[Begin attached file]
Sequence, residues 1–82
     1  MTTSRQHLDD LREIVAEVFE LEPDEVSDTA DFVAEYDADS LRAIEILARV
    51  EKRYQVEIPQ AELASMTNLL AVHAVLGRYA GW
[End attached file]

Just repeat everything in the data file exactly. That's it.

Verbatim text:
Sequence, residues 1–82
     1  MTTSRQHLDD LREIVAEVFE LEPDEVSDTA DFVAEYDADS LRAIEILARV
    51  EKRYQVEIPQ AELASMTNLL AVHAVLGRYA GW